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Basic Photography

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Title: Basic Photography Author. Last modified by: Emily Holton Created Date: 9/26/2003 4:29:37 PM Document presentation format: On-screen Show (4:3) – PowerPoint PPT presentation

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Title: Basic Photography


1
Basic Photography
2
The 6 Things To Know
  • Know your camera
  • Hold the camera still
  • The 2-second rule
  • Take a few more
  • Tell a story
  • Capture the mood

3
C . E . L . L .
  • C omposition
  • E xposure
  • L ens
  • L ight

4
Composition
  • Principle 1
  • Un-clutter the picture. Zoom in.

A good photograph is a subject, a context, and
nothing else. Remove any clutter that detracts
from your message. Get closer -- zoom in -- and
crop as tightly as possible
5
Composition
unless its a reflection
  • Principle 2
  • Put subject off-centre / Rule of thirds

The center of the frame is the weakest place --
it's static, dull, and gives no value to the
context. The more you move the subject away from
the center, the more relevance you give to the
context
6
Composition
  • Principle 3
  • Use of frames, lines diagonals

Create impact by using frames and real or
inferred lines that lead the viewer's eye into
and around the picture
7
Composition
  • Principle 4
  • Dramatic Perspective

Create impact by photographing your subjects from
unexpected angles. Imagine yourself as an
electron spinning around the subject, which is
the nucleus of an atom
8
Exposure
  • Aperture
  • Shutter speed
  • ISO

9
Aperture General Rules and tips
  • A larger lens opening (f1.8-3.5) offers the
    following advantages
  • Allows you to shoot more often with just natural
    lighting ? helps to reduce harsh shadows and
    red-eye caused by flash.
  • Allows more light to pass through, the camera
    will be able to choose a slightly higher shutter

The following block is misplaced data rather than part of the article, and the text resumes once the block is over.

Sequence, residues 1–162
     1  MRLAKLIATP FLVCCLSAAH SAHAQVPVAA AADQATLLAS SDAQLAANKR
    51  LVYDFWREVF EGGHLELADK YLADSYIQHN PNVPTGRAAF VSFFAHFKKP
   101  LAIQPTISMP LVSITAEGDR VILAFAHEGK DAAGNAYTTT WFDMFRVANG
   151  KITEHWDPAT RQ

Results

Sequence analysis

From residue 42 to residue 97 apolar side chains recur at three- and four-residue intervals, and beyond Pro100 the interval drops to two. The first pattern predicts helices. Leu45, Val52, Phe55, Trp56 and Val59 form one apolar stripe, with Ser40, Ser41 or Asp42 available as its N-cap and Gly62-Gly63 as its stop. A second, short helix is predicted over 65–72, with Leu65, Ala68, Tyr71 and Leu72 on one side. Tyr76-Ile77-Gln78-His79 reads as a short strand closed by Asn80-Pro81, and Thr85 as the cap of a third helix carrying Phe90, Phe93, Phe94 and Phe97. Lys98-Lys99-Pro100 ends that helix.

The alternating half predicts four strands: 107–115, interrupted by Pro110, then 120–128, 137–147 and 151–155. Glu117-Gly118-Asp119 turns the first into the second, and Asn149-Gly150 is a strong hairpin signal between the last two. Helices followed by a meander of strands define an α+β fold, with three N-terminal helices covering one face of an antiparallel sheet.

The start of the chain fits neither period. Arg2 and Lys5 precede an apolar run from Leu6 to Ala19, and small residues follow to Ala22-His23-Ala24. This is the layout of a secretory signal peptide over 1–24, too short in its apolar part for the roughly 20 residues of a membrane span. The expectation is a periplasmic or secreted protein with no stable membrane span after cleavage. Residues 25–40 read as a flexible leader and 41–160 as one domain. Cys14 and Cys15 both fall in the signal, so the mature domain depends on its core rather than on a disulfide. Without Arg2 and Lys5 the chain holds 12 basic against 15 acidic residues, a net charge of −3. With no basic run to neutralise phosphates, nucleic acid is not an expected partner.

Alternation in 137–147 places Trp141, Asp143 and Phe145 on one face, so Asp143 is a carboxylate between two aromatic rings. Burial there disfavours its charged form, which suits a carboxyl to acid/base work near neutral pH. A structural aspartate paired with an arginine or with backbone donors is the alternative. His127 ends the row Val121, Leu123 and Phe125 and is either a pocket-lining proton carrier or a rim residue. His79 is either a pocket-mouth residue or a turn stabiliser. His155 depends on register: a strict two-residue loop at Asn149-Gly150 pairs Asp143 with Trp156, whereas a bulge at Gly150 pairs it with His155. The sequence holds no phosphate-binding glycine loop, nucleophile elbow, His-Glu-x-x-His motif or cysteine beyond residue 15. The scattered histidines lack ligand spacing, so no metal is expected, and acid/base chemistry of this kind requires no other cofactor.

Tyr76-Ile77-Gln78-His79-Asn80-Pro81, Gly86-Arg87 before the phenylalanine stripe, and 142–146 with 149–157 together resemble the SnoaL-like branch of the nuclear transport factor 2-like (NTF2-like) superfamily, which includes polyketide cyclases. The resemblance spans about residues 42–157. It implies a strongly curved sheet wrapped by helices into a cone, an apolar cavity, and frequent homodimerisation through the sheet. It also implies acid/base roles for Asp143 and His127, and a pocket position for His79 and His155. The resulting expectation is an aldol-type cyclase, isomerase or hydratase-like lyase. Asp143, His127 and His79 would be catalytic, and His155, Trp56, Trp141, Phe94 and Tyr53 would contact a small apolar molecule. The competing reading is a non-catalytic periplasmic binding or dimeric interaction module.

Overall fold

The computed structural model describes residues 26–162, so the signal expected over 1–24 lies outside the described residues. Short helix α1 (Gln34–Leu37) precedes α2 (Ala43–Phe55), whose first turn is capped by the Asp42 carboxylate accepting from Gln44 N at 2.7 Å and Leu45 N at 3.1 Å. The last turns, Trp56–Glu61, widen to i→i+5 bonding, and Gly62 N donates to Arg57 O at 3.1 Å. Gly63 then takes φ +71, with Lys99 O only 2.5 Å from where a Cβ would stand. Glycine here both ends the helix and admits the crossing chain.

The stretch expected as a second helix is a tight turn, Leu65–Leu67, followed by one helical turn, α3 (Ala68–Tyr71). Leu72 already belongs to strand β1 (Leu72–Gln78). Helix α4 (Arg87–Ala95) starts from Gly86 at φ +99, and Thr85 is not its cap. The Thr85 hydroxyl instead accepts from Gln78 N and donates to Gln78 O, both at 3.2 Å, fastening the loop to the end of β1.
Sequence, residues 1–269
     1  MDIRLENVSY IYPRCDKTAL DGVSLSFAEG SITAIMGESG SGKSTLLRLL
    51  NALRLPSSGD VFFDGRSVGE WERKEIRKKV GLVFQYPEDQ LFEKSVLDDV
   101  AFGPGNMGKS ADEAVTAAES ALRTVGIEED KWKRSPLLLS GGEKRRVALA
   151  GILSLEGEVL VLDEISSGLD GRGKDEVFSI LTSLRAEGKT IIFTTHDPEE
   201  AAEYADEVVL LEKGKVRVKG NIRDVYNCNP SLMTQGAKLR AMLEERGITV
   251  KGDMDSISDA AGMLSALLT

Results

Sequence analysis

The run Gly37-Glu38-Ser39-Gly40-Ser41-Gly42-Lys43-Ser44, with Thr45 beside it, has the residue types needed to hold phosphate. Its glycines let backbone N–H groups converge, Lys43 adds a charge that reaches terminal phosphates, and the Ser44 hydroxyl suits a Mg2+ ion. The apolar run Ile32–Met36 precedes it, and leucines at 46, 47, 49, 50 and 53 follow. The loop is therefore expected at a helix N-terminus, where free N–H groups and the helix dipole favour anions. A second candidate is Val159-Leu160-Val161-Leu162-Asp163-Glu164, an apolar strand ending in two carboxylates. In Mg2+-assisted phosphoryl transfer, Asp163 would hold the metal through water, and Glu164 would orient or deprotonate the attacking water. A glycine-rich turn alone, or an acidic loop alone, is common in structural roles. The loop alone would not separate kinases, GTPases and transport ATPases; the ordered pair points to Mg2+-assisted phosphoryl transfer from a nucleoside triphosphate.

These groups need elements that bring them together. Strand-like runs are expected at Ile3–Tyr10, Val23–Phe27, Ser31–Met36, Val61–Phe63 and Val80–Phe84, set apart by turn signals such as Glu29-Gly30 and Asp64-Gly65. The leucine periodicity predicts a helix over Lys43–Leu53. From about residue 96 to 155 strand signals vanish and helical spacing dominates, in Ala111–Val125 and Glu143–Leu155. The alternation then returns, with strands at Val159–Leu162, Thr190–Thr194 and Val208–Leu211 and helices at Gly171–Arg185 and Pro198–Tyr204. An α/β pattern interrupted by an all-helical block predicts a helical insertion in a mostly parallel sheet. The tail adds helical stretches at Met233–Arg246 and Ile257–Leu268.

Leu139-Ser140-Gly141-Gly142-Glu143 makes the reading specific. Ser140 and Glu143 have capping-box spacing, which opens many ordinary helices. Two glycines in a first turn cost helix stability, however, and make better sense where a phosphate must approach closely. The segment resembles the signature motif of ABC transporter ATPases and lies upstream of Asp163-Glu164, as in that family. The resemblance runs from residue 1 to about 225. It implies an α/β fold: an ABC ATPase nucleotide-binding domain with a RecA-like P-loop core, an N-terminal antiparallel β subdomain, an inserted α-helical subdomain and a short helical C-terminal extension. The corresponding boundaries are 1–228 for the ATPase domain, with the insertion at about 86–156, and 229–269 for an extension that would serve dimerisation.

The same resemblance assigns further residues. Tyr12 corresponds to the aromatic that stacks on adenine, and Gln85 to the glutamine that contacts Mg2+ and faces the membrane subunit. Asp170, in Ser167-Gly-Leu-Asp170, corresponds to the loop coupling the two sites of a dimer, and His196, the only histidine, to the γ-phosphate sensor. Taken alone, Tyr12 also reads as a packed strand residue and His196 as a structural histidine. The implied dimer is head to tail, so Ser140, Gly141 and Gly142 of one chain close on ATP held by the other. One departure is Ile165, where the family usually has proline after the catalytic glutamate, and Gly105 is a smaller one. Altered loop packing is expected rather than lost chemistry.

speed ? helps to reduce motion blur.
  • Helps to reduce "depth-of-field (for effect).

10
Aperture
  • Principle
  • Affect depth of field (range of distance in focus)

When shooting a landscape, as much of the
photograph in sharp focus as possible (f11 to
f22). In a portrait, shallower dof (f2.8-8) will
isolate your subject from distracting backgrounds
11
Shutter speed General Rules and tips
  • To capture blur-free "action" photographs (e.g.
    Sports), you need to make sure the camera is
    using a high shutter speed, e.g.1/125th of a
    second or more.
  • Less light gets through to the imager as shutter
    speed is increased, thus difficult to use higher
    shutter speeds in lower light situations.
  • Alternatives Allow more light to pass through
    the lens (larger aperture setting), the other is
    to increase the ISO

12
Shutter Speed
  • Principle
  • Freezing motion (achieve the desired effect)

Absolutely sharp images are not always the best.
They can look static and dull. At slow shutter
speeds the camera blurs the image of moving
objects, and can create a more convincing image
of movement.
13
ISO General Rules and tips
  • ISO settings are often rated at 100, 200, 400,
    800, 1600, and even 3200 on some models
  • Use an ISO of 100 or 200 when taking photographs
    outside in sunny conditions.
  • If the sky is overcast or it is evening time, or
    in a darkened room, then use an ISO within the
    range of 400 to 800.
  • Night time or in cases of low light you might
    need to set your digital camera ISO to 1600. If
    not your photo will appear too dark, if at all.

14
ISO Setting
  • Principle
  • Set the lowest setting possible to avoid noise

ISO measures the sensitivity of the image sensor.
The lower the number the less sensitive your
camera is to light and the finer the grain.
ISO 100
ISO 3200
15
Lens
  • Principle
  • Wide Angle (35mm) or Telephoto (70mm)

Wide-angle lenses allow more of a picture to be
captured (need focal point) while telephoto
lenses tighten the scene and isolate the subject
(but affect the depth of field increase camera
shake)
16
Light
  • Principle 1
  • Avoid using flash, even for night shots

The indiscriminate blast of flash destroys the
intimate mood of existing light
17
Light
  • Principle 2
  • Side Lighting instead of front or overhead
    (noon-time) lighting

18
Light
  • Principle 3
  • Use fill-in flash, for backlit situations or
    overhead sun.

Overhead sun creates dark eye sockets and
unattractive shadows, which can be reduced by
using a flash. Use fill-in flash also for
situations where the subject is backlit (camera
auto exposure will be confused)
19
Free Online Lessons
  • http//www.shortcourses.com/using
  • http//www.agfanet.com/en/
  • http//www.betterphoto.com
  • http//www.fodors.com/focus/
  • http//www.photosecrets.com/p00.html

20
Passion is in all great searches and is
necessary to all creative endeavors.W. Eugene
Smith
I wish more people felt that photography was an
adventure the same as life itself and felt that
their individual feelings were worth expressing.
To me, that makes photography more
exciting.Harry Callahan
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